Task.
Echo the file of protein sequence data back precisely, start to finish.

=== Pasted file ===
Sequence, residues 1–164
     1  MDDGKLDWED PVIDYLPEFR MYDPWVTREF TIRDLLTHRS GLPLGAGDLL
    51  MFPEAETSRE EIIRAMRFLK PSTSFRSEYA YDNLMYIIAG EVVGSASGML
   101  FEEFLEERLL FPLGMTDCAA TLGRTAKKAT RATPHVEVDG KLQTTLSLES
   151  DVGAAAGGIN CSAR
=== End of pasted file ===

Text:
Sequence, residues 1–164
     1  MDDGKLDWED PVIDYLPEFR MYDPWVTREF TIRDLLTHRS GLPLGAGDLL
    51  MFPEAETSRE EIIRAMRFLK PSTSFRSEYA YDNLMYIIAG EVVGSASGML
   101  FEEFLEERLL FPLGMTDCAA TLGRTAKKAT RATPHVEVDG KLQTTLSLES
   151  DVGAAAGGIN CSAR